Senate Minority Leader Franklin Drilon expressed on Tuesday his concerns regarding the creation of the department for the overseas Filipino workers (OFWs).
During the organizational meeting of the Senate labor committee and labor officials, Drilon stated that the P19 billion OFW trust fund would only land to the “sticky hands of politicians.”
Sen. Drilon and other senators said that they are puzzled as to why the Department of Labor and Employment (DOLE) changed its position and now supports President Rodrigo Duterte’s stand on the creation of an OFW department.
“Does the plan to create a separate Department of Overseas Filipino Workers have anything to do with the disposition of the P19 billion trust fund?” former DOLE secretary Drilon asked.
Overseas Workers Welfare (OWWA) Deputy Administrator Vivian Tornea mentioned that the trust fund for the agency is approximately P19.4 billion per year, and then all agencies dealing with OFWs, including OWWA, will be integrated into just one agency.
However, Drilon opposes the proposal as the fund is expected to grow to P40 billion in the next 10 years.
“In the first place, the overseas Filipino workers concept was [a] temporary program because the idea is to bring back all our countrymen and work here… To put up this department is a recognition of the failure of that policy, and abandon that policy of trying to encourage our overseas Filipino workers to come back,” he said.
The trust fund comes from the contribution of OFWs, which is lodged under OWWA and currently administered by a Board of Trustees, consists of heads of finance and budget management departments as well as representatives from the various labor sectors and relevant agencies.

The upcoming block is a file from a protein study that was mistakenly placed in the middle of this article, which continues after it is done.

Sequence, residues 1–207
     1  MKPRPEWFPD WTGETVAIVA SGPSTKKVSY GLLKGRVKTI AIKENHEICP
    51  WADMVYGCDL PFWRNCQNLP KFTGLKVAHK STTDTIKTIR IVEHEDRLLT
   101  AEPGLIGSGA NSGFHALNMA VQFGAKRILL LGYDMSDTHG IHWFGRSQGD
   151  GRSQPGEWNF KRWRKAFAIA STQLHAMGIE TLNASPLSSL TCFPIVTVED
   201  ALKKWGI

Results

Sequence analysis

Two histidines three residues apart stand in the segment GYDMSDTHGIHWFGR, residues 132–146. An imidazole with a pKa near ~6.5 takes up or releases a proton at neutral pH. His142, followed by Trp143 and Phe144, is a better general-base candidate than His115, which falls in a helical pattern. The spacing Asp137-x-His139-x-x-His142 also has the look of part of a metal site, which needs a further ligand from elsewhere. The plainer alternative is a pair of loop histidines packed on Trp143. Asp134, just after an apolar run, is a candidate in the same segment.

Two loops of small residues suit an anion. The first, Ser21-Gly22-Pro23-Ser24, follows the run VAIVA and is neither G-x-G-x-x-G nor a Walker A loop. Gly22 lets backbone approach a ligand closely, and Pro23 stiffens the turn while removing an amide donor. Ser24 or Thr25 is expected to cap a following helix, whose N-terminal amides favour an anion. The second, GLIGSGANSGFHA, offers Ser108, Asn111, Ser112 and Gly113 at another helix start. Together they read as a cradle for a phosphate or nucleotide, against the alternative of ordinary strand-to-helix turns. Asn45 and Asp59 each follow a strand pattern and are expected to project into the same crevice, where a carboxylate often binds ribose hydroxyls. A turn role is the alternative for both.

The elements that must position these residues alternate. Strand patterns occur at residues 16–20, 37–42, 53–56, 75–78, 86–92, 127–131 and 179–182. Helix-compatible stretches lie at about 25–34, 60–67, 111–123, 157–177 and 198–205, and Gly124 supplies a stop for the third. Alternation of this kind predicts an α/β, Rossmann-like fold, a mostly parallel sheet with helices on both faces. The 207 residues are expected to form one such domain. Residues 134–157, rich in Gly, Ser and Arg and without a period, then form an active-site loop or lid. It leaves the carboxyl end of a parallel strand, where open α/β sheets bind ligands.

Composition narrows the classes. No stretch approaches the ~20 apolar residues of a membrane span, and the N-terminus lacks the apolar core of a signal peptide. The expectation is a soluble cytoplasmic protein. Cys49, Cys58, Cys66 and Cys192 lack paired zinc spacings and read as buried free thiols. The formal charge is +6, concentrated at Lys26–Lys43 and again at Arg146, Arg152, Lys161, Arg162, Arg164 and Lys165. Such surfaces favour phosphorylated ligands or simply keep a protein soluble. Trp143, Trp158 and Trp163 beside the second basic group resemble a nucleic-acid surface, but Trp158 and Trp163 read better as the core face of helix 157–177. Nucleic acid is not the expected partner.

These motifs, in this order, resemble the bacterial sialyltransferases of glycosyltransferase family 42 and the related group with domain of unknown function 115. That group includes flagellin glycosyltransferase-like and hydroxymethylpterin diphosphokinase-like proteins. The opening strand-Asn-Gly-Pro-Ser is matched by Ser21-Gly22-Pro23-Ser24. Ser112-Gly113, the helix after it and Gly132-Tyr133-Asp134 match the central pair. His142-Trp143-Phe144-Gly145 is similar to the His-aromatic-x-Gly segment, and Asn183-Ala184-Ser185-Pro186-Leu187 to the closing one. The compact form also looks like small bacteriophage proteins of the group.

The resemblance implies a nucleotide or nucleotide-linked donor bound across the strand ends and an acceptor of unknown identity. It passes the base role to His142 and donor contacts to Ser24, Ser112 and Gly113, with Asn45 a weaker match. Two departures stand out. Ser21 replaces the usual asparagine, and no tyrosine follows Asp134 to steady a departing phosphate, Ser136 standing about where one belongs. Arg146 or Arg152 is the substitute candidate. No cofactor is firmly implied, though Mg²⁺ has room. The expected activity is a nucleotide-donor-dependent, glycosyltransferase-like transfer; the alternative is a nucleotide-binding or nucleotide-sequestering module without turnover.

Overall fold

Drilon also explained that OWWA provides a similar fund under the Social Security System and the Government Service Insurance System, which both help the OFWs.
“Whoever will have control of this department being proposed to be created will have in his control [the] P40 billion in 10 years time. It is even beyond the scrutiny of Congress because the Congress delegated to the Board of Trustees the disposition of these public funds contributed by OFWs,” he said.
Drilon also noted that the creation of the department would only admit the government’s failure to bring the OFWs back here in the Philippines and have proper job opportunities to provide for their families.
“By creating a new department, the inevitable conclusion is the DOLE is lacking the abilities to protect the OFWs, which I don’t agree. I know the capability of our bureaucracy at the DOLE. I take exception to that.”
“I will defend the DOLE insofar as their ability to discharge their duties in protecting our OFWs is concerned,” Drilon told Presidential Adviser on Overseas Filipinos Abdullah Mama-o who has earlier stated his support to the creation of the OFW department.
Although Drilon sees no point in creating a new department, to promote the welfare of OFWs is still his utmost concern.
“We can improve the current setup to address the challenges confronting our OFWs.”